Tomorrow I will drop a 1st grader, 2nd grader and 3rd grader off for their first day of school. That doesn’t even make sense to my heart. In my heart they are babies. Just little, tiny babies. Every season of their lives I find that there are things that get dramatically easier (they all wipe their own bottoms, y’all! That is a serious Mom win!) and other things that get more complicated and difficult.

The questions used to be “Is she nursing long enough?” “Is it normal that he isn’t fully potty trained?” “When will I be able to pee alone?!!!” and now it’s “How can I make sure they are kind?” “How do I effectively build their confidence without causing them to be self-centered?” “What if kids bully them….or what if THEY bully someone else?!”

It’s never ending. And so I beg God to help me reflect Him in my role as a mother. And I ask Him to do so much more than just protecting them…I ask Him to make them brave, to help them do the right thing even if it’s hard or unpopular, to show them how to value character above achievement.

The kids and I had a conversation this week that went something like this:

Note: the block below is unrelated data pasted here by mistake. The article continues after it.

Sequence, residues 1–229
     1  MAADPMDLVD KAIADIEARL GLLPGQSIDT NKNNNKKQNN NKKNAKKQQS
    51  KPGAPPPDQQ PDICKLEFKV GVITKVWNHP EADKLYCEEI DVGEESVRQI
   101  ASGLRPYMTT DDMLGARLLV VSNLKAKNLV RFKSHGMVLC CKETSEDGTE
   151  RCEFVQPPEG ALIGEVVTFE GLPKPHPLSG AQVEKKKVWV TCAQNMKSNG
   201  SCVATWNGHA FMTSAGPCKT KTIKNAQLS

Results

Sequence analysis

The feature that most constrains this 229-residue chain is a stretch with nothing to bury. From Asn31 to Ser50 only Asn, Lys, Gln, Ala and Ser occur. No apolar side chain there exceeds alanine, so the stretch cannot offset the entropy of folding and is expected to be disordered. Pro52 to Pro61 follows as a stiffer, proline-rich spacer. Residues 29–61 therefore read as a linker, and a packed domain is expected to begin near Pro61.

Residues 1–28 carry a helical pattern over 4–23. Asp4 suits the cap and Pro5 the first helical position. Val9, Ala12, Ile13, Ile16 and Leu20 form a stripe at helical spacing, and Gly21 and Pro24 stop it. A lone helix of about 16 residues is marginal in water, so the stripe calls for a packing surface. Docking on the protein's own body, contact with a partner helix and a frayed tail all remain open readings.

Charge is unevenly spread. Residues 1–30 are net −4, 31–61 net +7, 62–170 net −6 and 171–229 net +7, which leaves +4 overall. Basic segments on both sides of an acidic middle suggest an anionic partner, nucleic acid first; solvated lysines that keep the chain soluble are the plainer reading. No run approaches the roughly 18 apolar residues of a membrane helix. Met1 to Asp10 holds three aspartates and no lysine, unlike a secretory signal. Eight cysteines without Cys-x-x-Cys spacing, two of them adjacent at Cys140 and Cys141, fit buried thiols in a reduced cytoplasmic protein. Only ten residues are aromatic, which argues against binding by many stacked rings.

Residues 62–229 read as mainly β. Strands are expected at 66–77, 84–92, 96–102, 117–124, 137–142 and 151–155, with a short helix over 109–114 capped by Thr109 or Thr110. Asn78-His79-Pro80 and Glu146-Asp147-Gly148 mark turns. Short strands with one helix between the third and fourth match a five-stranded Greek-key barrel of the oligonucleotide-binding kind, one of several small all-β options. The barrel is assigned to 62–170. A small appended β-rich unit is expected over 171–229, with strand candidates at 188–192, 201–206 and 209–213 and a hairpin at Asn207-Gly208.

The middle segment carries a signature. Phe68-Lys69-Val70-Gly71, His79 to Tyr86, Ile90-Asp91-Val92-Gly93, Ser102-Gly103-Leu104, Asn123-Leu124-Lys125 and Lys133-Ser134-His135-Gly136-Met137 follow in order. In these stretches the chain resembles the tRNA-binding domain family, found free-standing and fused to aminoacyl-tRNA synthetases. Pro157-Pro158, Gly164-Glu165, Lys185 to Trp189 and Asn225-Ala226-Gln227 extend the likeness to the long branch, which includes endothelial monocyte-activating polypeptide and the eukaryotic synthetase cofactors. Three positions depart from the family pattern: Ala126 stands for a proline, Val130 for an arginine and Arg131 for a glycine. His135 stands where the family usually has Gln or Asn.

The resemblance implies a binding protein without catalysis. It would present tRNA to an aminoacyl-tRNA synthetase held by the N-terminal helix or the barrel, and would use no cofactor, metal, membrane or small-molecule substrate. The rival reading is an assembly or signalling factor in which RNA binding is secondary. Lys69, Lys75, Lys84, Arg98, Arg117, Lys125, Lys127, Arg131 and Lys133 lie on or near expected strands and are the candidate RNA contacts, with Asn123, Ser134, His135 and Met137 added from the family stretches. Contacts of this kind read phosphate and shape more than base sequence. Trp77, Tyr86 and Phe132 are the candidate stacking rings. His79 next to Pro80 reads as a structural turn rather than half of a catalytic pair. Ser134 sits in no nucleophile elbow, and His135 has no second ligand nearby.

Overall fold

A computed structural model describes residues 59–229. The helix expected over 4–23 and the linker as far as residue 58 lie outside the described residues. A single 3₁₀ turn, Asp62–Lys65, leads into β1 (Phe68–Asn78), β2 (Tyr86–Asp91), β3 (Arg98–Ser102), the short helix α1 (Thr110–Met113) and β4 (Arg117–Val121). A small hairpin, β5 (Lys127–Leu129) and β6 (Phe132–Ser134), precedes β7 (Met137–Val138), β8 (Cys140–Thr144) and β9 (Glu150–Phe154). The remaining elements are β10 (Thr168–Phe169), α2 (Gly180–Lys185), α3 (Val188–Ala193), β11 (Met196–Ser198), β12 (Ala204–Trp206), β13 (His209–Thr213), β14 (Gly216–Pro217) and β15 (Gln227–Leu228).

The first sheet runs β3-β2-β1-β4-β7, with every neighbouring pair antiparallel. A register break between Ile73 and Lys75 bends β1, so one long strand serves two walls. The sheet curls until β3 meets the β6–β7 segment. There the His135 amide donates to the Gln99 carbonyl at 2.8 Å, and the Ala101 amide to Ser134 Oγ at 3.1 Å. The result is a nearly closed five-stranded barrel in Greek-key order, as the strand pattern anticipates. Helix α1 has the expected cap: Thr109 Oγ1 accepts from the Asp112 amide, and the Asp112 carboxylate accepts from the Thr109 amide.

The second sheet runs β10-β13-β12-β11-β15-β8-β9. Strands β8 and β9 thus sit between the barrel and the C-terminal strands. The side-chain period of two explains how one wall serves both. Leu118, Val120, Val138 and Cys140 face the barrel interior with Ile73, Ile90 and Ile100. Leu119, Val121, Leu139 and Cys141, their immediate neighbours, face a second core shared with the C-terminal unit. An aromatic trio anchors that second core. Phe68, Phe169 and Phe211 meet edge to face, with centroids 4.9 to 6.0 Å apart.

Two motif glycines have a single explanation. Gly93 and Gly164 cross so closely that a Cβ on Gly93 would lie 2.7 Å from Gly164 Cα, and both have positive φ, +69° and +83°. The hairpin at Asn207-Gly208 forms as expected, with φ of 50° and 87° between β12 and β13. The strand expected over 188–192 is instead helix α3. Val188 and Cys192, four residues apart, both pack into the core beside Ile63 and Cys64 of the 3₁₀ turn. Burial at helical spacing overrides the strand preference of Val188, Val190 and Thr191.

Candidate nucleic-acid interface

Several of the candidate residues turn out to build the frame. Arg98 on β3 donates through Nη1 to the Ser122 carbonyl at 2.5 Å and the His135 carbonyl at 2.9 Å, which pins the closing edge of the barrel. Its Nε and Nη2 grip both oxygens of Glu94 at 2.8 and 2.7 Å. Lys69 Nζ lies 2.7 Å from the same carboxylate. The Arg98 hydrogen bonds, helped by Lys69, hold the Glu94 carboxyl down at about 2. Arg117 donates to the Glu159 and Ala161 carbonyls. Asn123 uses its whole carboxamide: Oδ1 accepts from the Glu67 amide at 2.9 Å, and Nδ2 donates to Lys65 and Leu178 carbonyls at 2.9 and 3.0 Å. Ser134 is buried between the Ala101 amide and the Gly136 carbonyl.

“You guys are going into 3rd, 2nd and 1st grade! And that’s crazy to me because I remember being that age! When I was in 2nd grade there was a girl in my class that didn’t fit in very well..and I don’t know her whole story but I know that she got teased a lot. I wasn’t teasing her, so I figured I was doing the right thing. One night there was a school event and Grandma noticed that the little girl was by herself. And since Grandma is my Mom, she did what a good Mommy should do and told me that if there is someone who needs a friend, I should try to be that friend. Even if my peers thought it was weird. And I’m so happy Grandma did that. Because now that I’m a grown up I understand that being silent when someone is being picked on or left out isn’t the right thing to do. God asks us to be helpers. Grandma was able to teach me to pay attention to those around me and to notice if they are hurting. That doesn’t come naturally to us-by nature we are selfish. But we can try really hard to keep our eyes open and trust God to show us if someone could use a little help. ”